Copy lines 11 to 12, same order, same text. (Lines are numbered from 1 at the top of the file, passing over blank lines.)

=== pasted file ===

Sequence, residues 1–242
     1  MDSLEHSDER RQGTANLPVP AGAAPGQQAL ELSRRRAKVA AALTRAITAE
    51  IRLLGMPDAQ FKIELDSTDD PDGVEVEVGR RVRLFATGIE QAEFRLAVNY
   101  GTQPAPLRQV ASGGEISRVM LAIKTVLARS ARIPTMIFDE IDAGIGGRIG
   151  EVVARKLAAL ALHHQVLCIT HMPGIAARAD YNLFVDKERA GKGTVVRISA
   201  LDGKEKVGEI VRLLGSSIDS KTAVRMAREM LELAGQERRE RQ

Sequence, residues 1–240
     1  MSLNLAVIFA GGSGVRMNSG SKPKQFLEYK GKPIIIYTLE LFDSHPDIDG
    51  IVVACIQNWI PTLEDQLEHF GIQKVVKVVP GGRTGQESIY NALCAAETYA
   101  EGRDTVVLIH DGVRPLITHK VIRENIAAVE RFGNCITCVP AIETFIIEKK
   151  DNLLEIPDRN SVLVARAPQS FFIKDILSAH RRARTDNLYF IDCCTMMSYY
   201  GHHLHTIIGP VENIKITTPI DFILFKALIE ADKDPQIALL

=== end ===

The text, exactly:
   151  DNLLEIPDRN SVLVARAPQS FFIKDILSAH RRARTDNLYF IDCCTMMSYY
   201  GHHLHTIIGP VENIKITTPI DFILFKALIE ADKDPQIALL